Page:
Researchers: Woolly mammoth genes nearly identical to elephant’s
Courtesy Penn State University
and World Science staff
The majestic woolly mammoth that roamed the Northern Hemisphere’s grassy plains before 10,000 years ago was 98.5 percent identical in its genes to the modern African elephant, researchers say.
The finds come from a study of mammoth bones from Siberia, conducted by researchers from McMaster University in Hamilton, Ontario, and other institutions.
The results shows that scientists are taking strides forward in
sequencing ancient DNA, traditionally a tricky field, the researchers
said. Ancient DNA tends to break up and mix with genetic material from
other organisms, complicating the work.
The team’s report on the first sequences from the genome of a woolly mammoth
is to appear in the Dec. 22 online edition of the research journal
The “breakthrough” allows for first comparisons of this species with today’s African and Indian elephants,
the researchers said.
Previously, researchers had been able to analyze some mammoth DNA, but only a
minuscule fraction, according to the team. Scientists in the past had to rely on a special type of DNA from compartments within cells called the
mitochondria. This DNA is easier to analyze because it contain 1,000 times more copies of genes than the rest of the DNA, which is in the cell nucleus. But the mitochondria
contain a tiny proportion of the full variety of the genes.
In the new study, researchers said they identified 13 million letters of genetic code from the DNA of the cell nuclei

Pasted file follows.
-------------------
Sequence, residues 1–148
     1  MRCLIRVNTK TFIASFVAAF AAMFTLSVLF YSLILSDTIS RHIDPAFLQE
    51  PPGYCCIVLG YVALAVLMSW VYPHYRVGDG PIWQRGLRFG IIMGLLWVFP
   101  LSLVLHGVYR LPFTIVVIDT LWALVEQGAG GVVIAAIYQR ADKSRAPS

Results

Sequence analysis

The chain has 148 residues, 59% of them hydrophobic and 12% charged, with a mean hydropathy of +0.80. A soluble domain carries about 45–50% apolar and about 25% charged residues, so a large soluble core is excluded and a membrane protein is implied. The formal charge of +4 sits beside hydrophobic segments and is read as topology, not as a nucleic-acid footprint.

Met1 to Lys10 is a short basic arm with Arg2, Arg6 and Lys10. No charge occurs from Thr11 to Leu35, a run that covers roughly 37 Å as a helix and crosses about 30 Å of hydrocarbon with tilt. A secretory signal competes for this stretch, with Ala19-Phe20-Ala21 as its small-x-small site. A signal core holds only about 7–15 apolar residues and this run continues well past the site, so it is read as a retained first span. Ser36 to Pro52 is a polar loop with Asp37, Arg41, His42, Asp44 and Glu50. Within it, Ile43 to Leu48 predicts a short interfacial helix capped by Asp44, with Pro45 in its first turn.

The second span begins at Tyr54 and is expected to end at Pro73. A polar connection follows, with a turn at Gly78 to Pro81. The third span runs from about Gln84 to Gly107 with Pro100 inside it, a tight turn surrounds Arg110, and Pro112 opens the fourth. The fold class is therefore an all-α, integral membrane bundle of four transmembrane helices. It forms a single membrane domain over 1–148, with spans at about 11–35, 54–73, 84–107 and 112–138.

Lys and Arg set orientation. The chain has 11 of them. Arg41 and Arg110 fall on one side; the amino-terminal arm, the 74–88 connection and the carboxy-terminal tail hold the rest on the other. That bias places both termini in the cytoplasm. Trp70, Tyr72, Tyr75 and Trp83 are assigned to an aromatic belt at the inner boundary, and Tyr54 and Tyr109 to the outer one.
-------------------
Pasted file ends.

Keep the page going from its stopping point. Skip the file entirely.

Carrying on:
of the mammoth, an animal some scientists believe humans may have hunted
The researchers said they showed that the sequence of these letters
matched that of African elephant DNA. That reflects the animals’ close
evolutionary relationship, they added.
The project became possible through the discovery of well preserved remains in the
permafrost, or permanently frozen ground, of northern Siberia, the
researchers said. What also helped was a new high-efficiency gene sequencing technique that could cope with the heavily fragmented
ancient DNA, taken from the creature’s jaws.
The bone was about 28,000 years old, the researchers said. They used
computer technology to show that half of the bone DNA was actually from the
mammoth— a record amount compared to past studies, they said. The rest was from microbes living in the soil.
The study shows “any organism that has been trapped in frozen ice or a permafrost environment for up to one million years will be an open book” to researchers, according to a statement from Penn State University in University Park, Penn., which collaborated in the research.
The search is now on for more specimens from plant, animal, and man that can illuminate the route evolution took, and that can perhaps clarify the
reasons for extinctions, researcher said.
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